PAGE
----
(Captain Pod was apparently a real London puppeteer active in the late sixteenth century whom Jonson and other writers mention frequently, and whose name evidently was familiar to the London theatrical audience.(44)) Throughout the play, in other words, Jonson suggests that his comic characters are at once devoted spectators of puppet theatre and themselves metaphoric puppets. He thus not only satirizes a particular kind of "low" theatrical spectatorship as a distinct form of social behavior but also, correspondingly, allows the performing object to convey its double association of cultural "lowness" and social subordination.

Sogliardo is also, of course, a paradigm of the Jonsonian "humour" character, created by reference to that concept of comic psychology which Asper-Jonson describes at length in the induction. After referring to the four bodily fluids, "choller, melancholy, flegme, and bloud," that were believed to be the causes of human personality and behavior, Asper suggests, by extension, that the word "humour"

may, by Metaphore, apply it selfe

Unto the generall disposition:

As when some one peculiar quality

Doth so possesse a man, that it doth draw

All his affects, his spirits, and his powers,

In their confluctions, all to runne one way.

[3: 432]

There is something distinctly puppet-like about this Jonsonian "humour," which he here defines as a particular form of focused, single-minded, and unbalanced behavior, the consequence and index of a particular corporeal "quality" that "possesses" and wholly masters the "spirits" and "powers" of the individual. In other of his writings as well, Jonson uses the puppet as a satiric metaphor for "humourous" behavior thus conceived, and calls on some of the distinct cultural associations of the puppet in early modern discourse which I have described. In Epigraph 88, "On English Monsieur," for example, Jonson specifically invokes the conventional binarism of flesh and spirit, motion and (e)motion, that underlies his psychological theory of character:

Would you beleeve, when you this Mounsieur see,

That his whole body should speake french, not he?

is it some French statue? No: it doth move,

And stoop, and cringe. Oh, then it needs must prove

The new French tailor's motion, monthly made,

Daily to turn in Paul's and help the trade.

[8: 56]

Here, in a spiral of interrelated meanings, Jonson envisions the Frenchified fop as a kind of mannequin or tailor's dummy, and thus as a figural "puppet" in two distinct senses: as a passive tool used by the tailor to "help the trade," and as an effeminate, doll-like figure which the tailor dresses and adorns. The same "motion" which proves the courtier's animacy, declaring him no mere "French statue," also declares his commodification and social subjugation. Similarly, in Epigraph 98, Jonson asks

See you yond' Motion? Not the old Fa-ding,

Nor Captayne Pod, nor yet the Eltham-thing;

But one more rare, and in the case so new:

His cloke with orient velvet quite lin'd through,

His rosie tyes and garters so ore-blowne,

By his each glorious parcell to be knowne!

[8:62](45)

Here again, Jonson seems to be using the image of the "motion" or puppet to evoke at once the metaphoric sense of a doll-like effeminacy, and a corresponding but different sense of empty, passive materiality.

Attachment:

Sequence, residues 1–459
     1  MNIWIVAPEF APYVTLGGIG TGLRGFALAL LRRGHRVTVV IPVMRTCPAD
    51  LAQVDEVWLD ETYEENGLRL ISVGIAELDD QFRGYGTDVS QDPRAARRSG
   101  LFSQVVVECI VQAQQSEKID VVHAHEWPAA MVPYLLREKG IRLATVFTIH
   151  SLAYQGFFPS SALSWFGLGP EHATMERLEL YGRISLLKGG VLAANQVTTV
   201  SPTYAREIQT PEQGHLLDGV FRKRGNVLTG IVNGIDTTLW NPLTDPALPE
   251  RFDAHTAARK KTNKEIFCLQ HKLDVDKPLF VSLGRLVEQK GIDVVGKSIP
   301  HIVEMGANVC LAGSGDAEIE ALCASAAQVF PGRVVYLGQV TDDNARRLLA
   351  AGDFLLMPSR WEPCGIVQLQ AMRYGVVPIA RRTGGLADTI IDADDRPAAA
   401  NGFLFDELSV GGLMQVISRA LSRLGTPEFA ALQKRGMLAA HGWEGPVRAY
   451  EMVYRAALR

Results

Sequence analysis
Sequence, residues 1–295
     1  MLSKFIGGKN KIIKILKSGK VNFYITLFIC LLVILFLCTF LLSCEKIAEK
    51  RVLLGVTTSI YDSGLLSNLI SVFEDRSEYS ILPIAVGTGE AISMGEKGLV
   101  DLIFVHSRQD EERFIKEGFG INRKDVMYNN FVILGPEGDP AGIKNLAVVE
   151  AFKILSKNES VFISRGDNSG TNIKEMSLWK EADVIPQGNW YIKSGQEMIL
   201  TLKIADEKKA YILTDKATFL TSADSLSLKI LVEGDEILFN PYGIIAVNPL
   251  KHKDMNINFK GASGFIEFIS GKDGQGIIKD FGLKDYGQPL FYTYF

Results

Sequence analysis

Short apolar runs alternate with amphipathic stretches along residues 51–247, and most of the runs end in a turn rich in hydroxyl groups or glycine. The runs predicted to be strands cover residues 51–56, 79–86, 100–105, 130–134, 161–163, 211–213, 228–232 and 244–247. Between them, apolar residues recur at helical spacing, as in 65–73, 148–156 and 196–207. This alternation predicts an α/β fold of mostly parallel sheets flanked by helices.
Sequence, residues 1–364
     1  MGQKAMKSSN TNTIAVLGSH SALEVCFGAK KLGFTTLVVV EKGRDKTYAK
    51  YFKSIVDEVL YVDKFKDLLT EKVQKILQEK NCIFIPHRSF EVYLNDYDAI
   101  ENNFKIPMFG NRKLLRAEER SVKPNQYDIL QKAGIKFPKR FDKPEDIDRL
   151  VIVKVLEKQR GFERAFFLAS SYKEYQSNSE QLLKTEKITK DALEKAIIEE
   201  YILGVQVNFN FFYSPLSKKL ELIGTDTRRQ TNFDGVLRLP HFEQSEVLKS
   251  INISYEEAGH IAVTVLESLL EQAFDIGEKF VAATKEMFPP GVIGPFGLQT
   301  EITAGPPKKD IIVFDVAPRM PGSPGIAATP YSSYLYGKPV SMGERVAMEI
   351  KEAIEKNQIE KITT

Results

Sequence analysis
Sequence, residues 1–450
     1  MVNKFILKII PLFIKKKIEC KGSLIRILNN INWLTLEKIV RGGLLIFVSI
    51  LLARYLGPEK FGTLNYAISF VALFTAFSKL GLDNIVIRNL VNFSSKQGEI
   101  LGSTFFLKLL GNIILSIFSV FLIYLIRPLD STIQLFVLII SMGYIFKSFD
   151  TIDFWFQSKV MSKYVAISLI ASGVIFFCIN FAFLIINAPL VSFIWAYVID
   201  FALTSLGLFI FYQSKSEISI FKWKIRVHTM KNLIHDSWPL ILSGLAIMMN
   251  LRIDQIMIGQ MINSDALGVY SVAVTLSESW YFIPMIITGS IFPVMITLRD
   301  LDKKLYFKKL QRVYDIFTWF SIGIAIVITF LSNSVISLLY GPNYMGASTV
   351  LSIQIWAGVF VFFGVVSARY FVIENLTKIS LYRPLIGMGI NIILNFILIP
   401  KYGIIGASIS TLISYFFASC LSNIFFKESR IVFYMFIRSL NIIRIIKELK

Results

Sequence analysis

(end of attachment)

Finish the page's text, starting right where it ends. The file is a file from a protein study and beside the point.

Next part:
At the end of the induction to Every Man Out of His Humour, similarly, Jonson-Asper turns his satiric gaze on the audience, envisioning a particular kind of affected and falsely judicious spectator who

Sits with his armes thus wreath'd, his hat pull'd here,

Cryes meaw, and nods, then shakes his empty head,

Will shew more several motions in his face,

Than the new London, Rome, or Nineveh.

[161-64]

The puppet-like "motions" of the spectatorial gaze betray its "empty" corporeality, the lack of those inner "motions" which the spectator's carefully-chosen gestures are intended to suggest. By contrast, the "attentive auditors" for whom Asper (and Jonson) hopes to write will use the play to "feed their understanding parts"; and for them, says Asper,

Ile prodigally spend my selfe,

And speake away my spirit into ayre.

[Induction, 204-5]

Jonson rhapsodically describes here the dynamics of a hypothetical theatre in which authorial inspiration flows into the breath of the histrionic voice and, from there, inspires the auditor. ks Jonson describes it, however, the author who claims to expend himself selflessly in the histrionic process, melting into invention, speaking himself into air, in so doing also fills the puppet-like bodies of his auditors with the mastering spirit of his own authorial design. If the affected and false spectator is like a puppet in his apparent gestural manifestation of an illusory inner spirit, the true spectator is equally puppet-like in that passive readiness for "profit" and "understanding" which the Jonsonian vision of authorship demands.

Jonson's own position in this hypothetical process remains suspended between explicit self-abnegation and a theoretical ideal of authorial mastery, the latter obviously corresponding more closely to his practical aspirations. In the astonishing final lines of Every Man Out of His Humour, the character Macilente (played by Asper, the authorial figure of the induction) almost literally empties himself of the animating "spirit" that determines his character, even as he similarly dismisses the puppet-like objects of his satiric "envy" into the mere materiality of non-being: